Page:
This unusual flying ship was created by the Brazilian Jesuit Bartolomeu de Gusman (1685-1724).
It was not just an idea on paper - Gusman actually created this device and demonstrated a "heavier than air machine" flying in front of the Portuguese palace Casa da India in Lisbon on August 8, 1709. Engraving from publication, England, 18th century
According to Bartolomeu de Gusman, the ship was propelled by “two different magnets located inside the spheres (celestial and globe), maneuvering was carried out by“oars”on the sides of the vehicle, and in the rear there were“propulsion units”for emergency acceleration.
“In 1709, he petitioned the King of Portugal, João V, asking for the king's favor for his invention of the airship, to which he expressed great confidence. The contents of this petition have survived, along with the image and description of his airship. Gusman wanted to spread a huge sail over the boat's body, like the cover of a transport car; The boat itself was supposed to contain pipes through which, in the absence of wind, air was supplied to the sail using bellows. The ship was to be propelled by magnets, which were to be enclosed in two hollow metal balls. Public tests of the machine, scheduled for June 24, 1709, did not take place. It is known that Gusman worked on this principle and at a public exhibition, which he staged on August 8, 1709 in Casa da ndia in Lisbon, when he sent a balloon upward with the help of combustion, but hitting the ceiling, it exploded."
It was - It is
Historical sources mention that after the demonstration of their "flying ship" Bartolomeu de Gusman became interested in the Holy Inquisition.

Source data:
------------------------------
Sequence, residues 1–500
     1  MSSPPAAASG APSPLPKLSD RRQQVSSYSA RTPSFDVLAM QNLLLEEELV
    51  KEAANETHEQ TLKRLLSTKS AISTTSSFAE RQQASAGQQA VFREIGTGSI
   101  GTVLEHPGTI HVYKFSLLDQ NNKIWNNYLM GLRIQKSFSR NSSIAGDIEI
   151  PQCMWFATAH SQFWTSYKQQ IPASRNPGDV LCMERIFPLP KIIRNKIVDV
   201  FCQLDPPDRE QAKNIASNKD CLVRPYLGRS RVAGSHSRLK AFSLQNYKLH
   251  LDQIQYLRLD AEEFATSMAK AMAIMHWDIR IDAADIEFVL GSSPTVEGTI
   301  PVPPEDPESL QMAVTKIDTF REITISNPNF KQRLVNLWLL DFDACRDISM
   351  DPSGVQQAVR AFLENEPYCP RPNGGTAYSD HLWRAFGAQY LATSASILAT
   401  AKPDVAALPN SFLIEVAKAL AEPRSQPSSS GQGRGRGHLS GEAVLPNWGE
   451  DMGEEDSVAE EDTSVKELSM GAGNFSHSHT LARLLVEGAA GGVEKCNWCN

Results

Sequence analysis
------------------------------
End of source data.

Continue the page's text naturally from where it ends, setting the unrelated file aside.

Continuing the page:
Towards the end of 1724, after traveling through Europe and registering a number of new inventions, Bartolomeu returned to Portugal only to be greeted by the Inquisition, which accused him of close acquaintance with new Christians. He then fled to Spain in hopes of reaching England. He died in Toledo at the age of 38, on November 18, 1724.
In 1936, in Rio de Janeiro, Brazil, Luftschiffbau Zeppelin built Bartolomeu de Gusman Airport to operate the rigid Graf Zeppelin and Hindenburg airships. In 1941, it was transferred to the Brazilian Air Force and renamed Santa Cruz Air Force Base. Currently, the airport serving Araraquara is called Bartolomeu de Gusmão Airport.
You can find other "corrected" drawings of this "flying ship":
Museo do Ar The grid has disappeared, there is no celestial sphere, no globe, instead of them just spheres, no nozzles
But, you can find (if you try) and a description of this aircraft in later sources, for example, in the "Journal of Mechanics, Museum, Register, Journal and Bulletin, Volume 38", published in 1843.
Automatic text translation:
Interestingly, the inventor reportedly destroyed all of his drawings and manuscripts, but I found mention of many searching for his drawings in an issue dated 20th, 1786, by the London Daily Universal Register:
“They add that several learned people, French and English, who were in Lisbon to verify this fact (the existence of a flying ship), made inquiries at the Carmelite monastery, where Gusman had a brother who preserved some of his manuscripts on how to create aerostatic machines. …Various living people claim that they were present at the experiments of the Jesuit and that he received the name Voador, or the Flying Man."